On Jan 23rd 1933, a forty-year-old Indian Muslim, Rahmat Ali, at Cambridge, proposed the idea of a Muslim nation to be carved from the provinces of Punjab, Sind, Kashmir, Baluchistan, the Frontier. He even named it Pakistan.

The Great Calcutta killings of Muslims & Hindus took place on August 16, 1946. Calcutta belonged to the vultures. Jinnah commented: ‘We shall have India divided or we shall have India destroyed.’

Louis Mountbatten

Great grand son of Queen Victoria I his family lineage, with one passage through the female line, went back to Emperor Charlemagne. He was, or had been , related by blood or marriage to Kaiser Wilhelm II, Tsar Nicholas II, Alfonso XIII of Spain, Ferdinand I of Rumania, Gustav VI of Sweden Constantine I of Greece, Haakon VII of Norway & Alexandra I of Yugoslavia.

He was just 43 when Winston Churchill appointed him Supreme Allied Commander Southeast Asia. His marriage to Edwina Ashley, a beautiful & wealthy heiress, with the Prince of Wales as his best man, was the social event of 1922.

He became the 20th & final representative of a prestigious dynasty whose members had been Hastings, Wellesley, Cornwallis & Curson.

He never wanted India to be divided. He looked on India’s unity as the greatest single legacy Britain could leave behind. To respond to the Muslim appeal to divide the country was, he believed, to sow the seeds of tragedy. He wanted the world to know the British had made every effort possible to keep India united. If Britain failed it was of the utmost importance that the world knew it was, ‘Indian opinion rather than a British decision that had made partition the choice.’ He himself thought a future Pakistan was so inherently unviable that it ‘should be given a chance to fail on its own demerits’, so that later ‘the Muslim League could revert to a unified India with honour.’

He had predicted that East Bengal would be out of Pakistan in about 25 years. The Bangladesh war of 1971 was to confirm his prediction with just one year to spare.

When the news of Edwina’s death was announced on the floor of the Indian Parliament, its members rose to offer her memory the spontaneous tribute of a moment of silence.


He had been sent to England at sixteen to finish his education. He spent seven gloriously happy years there, learning Latin verbs & cricket at Harrow, studying science, Nietzsche & Chaucer at Cambridge, admiring the reasoning of Blackstone at the Inns of Court.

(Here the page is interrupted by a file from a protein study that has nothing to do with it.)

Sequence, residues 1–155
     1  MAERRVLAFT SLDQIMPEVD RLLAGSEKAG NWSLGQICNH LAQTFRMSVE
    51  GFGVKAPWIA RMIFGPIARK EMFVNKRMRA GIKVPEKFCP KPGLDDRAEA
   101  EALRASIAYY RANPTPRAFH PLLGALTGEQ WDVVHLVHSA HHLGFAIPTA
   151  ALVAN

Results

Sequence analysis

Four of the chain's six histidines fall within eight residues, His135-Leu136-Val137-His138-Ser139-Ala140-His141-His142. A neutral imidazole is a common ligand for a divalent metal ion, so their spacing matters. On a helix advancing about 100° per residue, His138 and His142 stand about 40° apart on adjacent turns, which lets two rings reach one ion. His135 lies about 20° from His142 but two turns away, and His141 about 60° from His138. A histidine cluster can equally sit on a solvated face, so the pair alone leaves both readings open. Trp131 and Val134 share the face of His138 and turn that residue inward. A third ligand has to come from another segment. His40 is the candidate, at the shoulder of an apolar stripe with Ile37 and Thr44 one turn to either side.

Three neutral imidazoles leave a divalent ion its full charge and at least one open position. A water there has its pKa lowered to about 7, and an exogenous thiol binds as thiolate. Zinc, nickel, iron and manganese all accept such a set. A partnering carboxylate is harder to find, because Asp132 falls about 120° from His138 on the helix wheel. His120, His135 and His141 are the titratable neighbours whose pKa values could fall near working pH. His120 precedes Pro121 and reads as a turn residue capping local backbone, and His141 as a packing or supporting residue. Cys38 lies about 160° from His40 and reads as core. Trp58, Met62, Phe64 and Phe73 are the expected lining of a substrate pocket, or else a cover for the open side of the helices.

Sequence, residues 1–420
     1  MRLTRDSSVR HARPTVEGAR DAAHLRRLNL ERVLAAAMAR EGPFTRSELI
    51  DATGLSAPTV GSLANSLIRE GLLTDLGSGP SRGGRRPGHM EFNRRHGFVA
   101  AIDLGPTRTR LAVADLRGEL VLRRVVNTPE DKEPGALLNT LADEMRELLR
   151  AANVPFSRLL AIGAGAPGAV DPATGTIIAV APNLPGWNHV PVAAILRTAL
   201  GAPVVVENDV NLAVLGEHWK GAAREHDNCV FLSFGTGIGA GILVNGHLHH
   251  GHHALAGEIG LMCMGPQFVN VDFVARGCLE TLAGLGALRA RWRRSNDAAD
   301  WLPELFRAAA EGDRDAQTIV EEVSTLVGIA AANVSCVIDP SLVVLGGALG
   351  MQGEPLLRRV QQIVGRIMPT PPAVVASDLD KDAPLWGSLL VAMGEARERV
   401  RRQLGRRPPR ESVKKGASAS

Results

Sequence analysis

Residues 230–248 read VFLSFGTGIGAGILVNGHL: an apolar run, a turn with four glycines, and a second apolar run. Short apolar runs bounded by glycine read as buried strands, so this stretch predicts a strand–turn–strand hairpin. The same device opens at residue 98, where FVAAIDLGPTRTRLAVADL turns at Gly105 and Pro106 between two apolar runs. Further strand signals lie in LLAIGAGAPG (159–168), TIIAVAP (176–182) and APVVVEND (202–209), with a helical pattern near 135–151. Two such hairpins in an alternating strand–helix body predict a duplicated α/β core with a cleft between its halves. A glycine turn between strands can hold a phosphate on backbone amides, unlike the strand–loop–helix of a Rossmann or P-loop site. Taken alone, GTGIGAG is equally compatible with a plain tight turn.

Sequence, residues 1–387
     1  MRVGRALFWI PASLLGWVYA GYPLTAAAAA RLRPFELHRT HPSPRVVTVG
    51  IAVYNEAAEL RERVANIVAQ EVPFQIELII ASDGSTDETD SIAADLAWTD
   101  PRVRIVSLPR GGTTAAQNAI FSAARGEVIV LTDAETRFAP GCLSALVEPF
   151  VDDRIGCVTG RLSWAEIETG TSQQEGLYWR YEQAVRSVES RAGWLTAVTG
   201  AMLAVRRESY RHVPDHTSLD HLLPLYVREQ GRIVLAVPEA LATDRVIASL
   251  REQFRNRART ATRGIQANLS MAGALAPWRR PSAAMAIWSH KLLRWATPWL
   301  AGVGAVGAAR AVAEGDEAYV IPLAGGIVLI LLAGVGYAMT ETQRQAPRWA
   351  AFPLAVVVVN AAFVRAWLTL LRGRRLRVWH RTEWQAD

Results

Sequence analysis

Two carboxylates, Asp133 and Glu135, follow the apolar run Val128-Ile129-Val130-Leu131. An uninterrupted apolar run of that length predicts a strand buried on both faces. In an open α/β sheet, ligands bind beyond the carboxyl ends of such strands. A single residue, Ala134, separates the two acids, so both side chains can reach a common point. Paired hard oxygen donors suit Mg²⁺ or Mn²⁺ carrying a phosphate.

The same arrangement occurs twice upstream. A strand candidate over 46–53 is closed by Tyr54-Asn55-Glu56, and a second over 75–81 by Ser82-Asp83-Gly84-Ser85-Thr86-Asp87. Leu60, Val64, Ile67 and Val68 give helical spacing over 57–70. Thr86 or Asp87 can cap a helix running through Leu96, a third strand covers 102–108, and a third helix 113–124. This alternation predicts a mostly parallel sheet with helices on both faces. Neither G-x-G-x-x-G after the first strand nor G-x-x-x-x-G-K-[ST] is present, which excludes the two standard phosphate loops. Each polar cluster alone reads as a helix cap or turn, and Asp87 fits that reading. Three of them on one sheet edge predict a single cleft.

Vallabhai Patel

Patel’s vocation for Indian nationalism had come from his father who’d gone off to fight the British at the side of a local warlord in the 1857 Mutiny. He studied at night, saved almost every rupee he earned until, at 33, he was able to send himself to London to study the law. He was a natural rival to Nehru & their ideas of what independent India should be were markedly different. He dismissed Nehru’s Utopian dream of building a new society. He believed that Capitalist society worked, the problem was to Indianize it. He came from an industrial town, a centre for machines, factories & textiles. Nehru came from a place where they grew flowers & fruit.

On April 13th 1919, Brig. R.E. Dyer with 50 soldiers fired 1650 rounds for a full ten minutes in the compound of the Jallianwalla Bagh. Their bullets killed or wounded 1516 people. This was the turning point in the history of Anglo Indian relations, more decisive than even the Indian Mutiny 63 years before.

(Dyer was reprimanded for his actions & asked to resign from the army. He was, however allowed to retain full pension benefits & other rights due to him. His action was applauded by most of the British in India. In clubs all across the country his admiring countrymen took up a collection on his behalf, amassing the then prodigious sum of Sterling 26,000 to ease the rigours of a pre-mature retirement.)

Gandhi turned to taking control of the Congress Party (which was ironically founded by a Britisher, Octavian Hume who sought to create an organisation which would canalise the protests of India’s slowly growing educated masses into a moderate, responsible body prepared to engage in gentlemanly dialogue with India’s English rulers.)

He organised hartals everywhere.

Above all, his aim was to weaken the edifice of British power in India by attacking the economic pillar upon which it reposed. Britain purchased raw Indian cotton for extremely low prices, shipped it to the mills of Lancashire to be woven into textiles, then shipped the finished product back to India to be sold at a substantial profit in a market which virtually excluded non-British textiles.